Katlyn Cowpland's latest solo project, Cheery, may be just a couple of years old (officially launched in the spring of 2021), but it is the culmination of more than a decade's worth of inspired songwriting and performing.
So far, Cheery has released two singles from their upcoming debut album, which is scheduled for release this summer. From shimmering synths and punchy rock guitars to playful percussion, the arrangements for these dreamy electro-pop tunes (recorded with Eric Davis of Hembree and Pala Zolo) take on a life of their own, and serve as much more than just supporting background for Cowpland's bouyant melodies and bittersweet lyrical confessions. Not one to be contained by the ethereal realm of music alone, Cheery's vibrant music videos are full of color and motion, and are not to be missed.
Although Cowpland will be relocating to the UK later this year, she hopes to bring Cheery back for frequent US tours. While she's away, be sure to subscribe and follow her to stay updated on all the latest news.
How did you begin creating and performing your music? How has your approach to your music evolved over the years?
I've been putting my poetry to music since I was 12, and singing consistently and for audiences since I was 5. Discovering artists that really inspired the type of songwriting that made sense to me is what really pushed me to create a voice and perspective all my own. Over the years I've gone from focusing mainly on lyrics and vocals; allowing the music to be more of a vehicle for those, to really exploring composing instrumentation fully as a initial part of the songwriting process. I think that's allowed me to create more fleshed out, epic songs that tell a story deeper than just the lyrical content.
What does a typical songwriting session look like?
It honestly just comes to me in the spur of the moment. I don't usually sit and try to write unless I'm extremely inspired. It mostly happens driving around thinking or having some random experience and a line will pop into my head. I have a voice recording app on my phone that I'll start rattling off lines into, then pausing, thinking, and another line, and so on and so forth. Once I have the general idea of the song I start brainstorming the instrumentation before recording a demo, which I do on something simple like garage band so I can get it out as quickly as possible before I lose it. Once I have the main bits down I can relax and start adding, adjusting, and take my time til I'm happy with it.
What other artists or styles inspire and influence you as an artist? How do you find that these show up in your work?
Conor Oberst has always been my biggest influence, especially lyrically. His use of language, level of detail and gritty self-deprecating sarcasm that turns into acceptance, resilience and hope is something that has absolutely rubbed off in all of my songwriting. Transparency is so important to me in songwriting as it can connect you to your listener in really intimate ways. Jason Lytle (of Grandaddy), Kate Bush, Daniel Johnston, and Jordan Geiger have also always been really huge influences.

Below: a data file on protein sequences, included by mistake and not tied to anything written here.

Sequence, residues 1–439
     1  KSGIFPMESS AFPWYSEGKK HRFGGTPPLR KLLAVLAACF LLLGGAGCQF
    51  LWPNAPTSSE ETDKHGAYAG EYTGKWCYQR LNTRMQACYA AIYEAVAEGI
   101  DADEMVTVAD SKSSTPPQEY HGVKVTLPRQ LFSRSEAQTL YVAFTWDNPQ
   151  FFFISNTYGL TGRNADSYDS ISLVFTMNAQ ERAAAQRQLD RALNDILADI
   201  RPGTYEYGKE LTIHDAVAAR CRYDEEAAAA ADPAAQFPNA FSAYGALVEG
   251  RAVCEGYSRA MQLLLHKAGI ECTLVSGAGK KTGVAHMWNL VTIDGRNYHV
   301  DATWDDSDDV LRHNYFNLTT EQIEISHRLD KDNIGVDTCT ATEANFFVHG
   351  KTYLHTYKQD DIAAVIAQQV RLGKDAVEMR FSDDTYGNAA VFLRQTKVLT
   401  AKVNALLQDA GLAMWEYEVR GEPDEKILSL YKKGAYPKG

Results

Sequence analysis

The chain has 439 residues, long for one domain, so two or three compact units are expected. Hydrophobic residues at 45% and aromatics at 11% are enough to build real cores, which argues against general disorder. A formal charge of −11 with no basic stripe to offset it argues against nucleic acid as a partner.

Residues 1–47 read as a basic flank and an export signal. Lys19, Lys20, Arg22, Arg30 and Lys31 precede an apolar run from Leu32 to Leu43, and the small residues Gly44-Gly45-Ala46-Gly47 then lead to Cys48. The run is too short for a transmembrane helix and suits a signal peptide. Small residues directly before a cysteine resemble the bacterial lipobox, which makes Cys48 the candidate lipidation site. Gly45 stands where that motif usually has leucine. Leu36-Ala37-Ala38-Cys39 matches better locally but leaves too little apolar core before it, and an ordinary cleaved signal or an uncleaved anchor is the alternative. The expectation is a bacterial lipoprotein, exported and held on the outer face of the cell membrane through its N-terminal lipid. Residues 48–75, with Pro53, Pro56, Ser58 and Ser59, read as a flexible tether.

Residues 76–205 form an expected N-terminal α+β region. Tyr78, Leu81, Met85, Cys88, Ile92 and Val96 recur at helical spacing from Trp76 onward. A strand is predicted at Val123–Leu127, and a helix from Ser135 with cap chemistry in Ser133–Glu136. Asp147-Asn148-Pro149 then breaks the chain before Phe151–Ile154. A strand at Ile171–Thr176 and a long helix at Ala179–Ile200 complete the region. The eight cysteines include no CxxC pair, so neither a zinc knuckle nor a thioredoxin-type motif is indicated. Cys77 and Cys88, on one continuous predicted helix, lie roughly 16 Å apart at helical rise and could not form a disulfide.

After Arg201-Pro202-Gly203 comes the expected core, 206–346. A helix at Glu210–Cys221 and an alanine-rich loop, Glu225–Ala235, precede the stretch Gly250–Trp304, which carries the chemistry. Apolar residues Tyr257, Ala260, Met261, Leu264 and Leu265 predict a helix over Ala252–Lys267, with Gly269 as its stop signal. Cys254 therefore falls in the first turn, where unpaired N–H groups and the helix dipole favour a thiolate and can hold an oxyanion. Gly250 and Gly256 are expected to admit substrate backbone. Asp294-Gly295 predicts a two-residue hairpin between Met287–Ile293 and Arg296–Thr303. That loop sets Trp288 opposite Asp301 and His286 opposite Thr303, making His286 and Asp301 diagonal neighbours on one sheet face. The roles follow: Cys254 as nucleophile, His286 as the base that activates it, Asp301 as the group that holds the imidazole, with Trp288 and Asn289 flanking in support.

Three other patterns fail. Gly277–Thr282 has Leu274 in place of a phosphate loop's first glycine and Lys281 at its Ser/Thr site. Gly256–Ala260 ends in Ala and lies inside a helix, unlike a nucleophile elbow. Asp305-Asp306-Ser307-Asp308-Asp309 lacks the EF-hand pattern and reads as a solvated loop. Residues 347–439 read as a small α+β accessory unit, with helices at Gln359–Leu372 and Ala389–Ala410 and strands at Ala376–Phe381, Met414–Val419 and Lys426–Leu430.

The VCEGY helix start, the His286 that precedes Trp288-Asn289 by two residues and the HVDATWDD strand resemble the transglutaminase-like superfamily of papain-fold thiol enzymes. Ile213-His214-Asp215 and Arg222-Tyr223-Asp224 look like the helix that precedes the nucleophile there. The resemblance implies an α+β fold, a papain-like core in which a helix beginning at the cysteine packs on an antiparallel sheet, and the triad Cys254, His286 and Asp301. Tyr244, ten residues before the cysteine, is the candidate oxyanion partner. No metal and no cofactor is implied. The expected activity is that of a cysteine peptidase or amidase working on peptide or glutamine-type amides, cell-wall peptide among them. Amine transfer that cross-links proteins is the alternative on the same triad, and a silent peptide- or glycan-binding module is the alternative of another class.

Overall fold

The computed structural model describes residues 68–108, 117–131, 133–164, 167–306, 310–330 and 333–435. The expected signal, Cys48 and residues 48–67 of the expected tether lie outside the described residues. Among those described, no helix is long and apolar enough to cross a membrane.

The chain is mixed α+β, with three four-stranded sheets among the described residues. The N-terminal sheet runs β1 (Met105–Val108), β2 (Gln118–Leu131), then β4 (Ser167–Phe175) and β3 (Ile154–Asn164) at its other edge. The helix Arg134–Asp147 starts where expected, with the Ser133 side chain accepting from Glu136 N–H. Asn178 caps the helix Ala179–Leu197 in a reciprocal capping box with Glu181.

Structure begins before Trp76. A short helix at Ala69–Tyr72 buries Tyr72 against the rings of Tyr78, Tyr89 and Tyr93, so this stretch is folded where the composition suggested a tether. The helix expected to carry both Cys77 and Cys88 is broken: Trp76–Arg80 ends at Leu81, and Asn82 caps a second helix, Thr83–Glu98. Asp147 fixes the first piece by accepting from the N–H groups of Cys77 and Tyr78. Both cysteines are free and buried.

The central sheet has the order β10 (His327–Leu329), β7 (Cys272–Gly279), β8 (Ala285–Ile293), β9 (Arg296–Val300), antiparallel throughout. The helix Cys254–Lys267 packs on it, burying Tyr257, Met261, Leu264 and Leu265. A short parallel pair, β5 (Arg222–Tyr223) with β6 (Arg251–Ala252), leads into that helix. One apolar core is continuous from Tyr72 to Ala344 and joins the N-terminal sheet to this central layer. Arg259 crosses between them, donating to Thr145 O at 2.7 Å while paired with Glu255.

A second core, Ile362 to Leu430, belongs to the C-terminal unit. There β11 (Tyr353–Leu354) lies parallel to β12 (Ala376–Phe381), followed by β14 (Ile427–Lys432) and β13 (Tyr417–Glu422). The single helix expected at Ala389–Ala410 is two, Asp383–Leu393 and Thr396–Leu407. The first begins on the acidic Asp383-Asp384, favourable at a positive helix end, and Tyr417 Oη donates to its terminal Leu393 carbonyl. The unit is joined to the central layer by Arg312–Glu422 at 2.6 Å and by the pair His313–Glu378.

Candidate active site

You've taken your fans on quite a journey over the years through projects such as Cowboy Indian Bear, La Guerre, Dooms, and Cheery. What keeps you creating and what's next?
It's an impulse that I can guarantee you I'll never be able to let go of. It's my therapy. Singing those awkward, personal things in the way that I do to an empty room or a huge crowd helps me immensely to feel fulfilled and happy from moment to moment.
I really love creating with other musicians in bands like CIB and Dooms because it challenges me to let go of some control and learn from extremely talented people who have completely different thoughts and processes. Still, no matter what bands I've been in or will be in I will always have those solo projects like La Guerre (now Cheery) so that I can have a space that's all my own.
I am beyond excited for people to hear this first Cheery record that I made with the help of my longtime pal Eric Davis (of Hembree and Pala Zolo). It feels to me like a huge step forward from what I've made in the past.
What aspects of your upcoming debut album are you most proud of?
The range of vibes displayed. There's western-horror vibes, lo fi punk vibes, erratic dream pop vibes, symphonic funeral dirge vibes, etc. It just feels really lush and hopefully takes the listener a lot of different places emotionally.
What can a concertgoer expect from a live Cheery performance?
As of this moment, a lot of drum machines, samples and twinkly keys with my overly emotional voice dancing around with them.
Eventually, I'm hoping to have a fuller lineup to really give the entire cinematic effect the album will display. The dream would include timpanis, horns and a number of backing vocals.
Cheery's recommendations from the Johnson County Library catalog:
House of Leaves by Mark Danielewski
Rant by Chuck Palahniuk
No One Belongs Here More Than You by Miranda July
American Psycho by Brett Easton Ellis
Sensor by Junji Ito
The People's Key by Bright Eyes
The Kick Inside by Kate Bush
Last Place by Grandaddy
Jubilee by Japanese Breakfast
The Monitor by Titus Andronicus
Antisocialites by Alvvays
Brighter Wounds by Son Lux
Fantasy Gateway by Cuco
Inside by Bo Burnham
For more, check out this Bibliocommons List.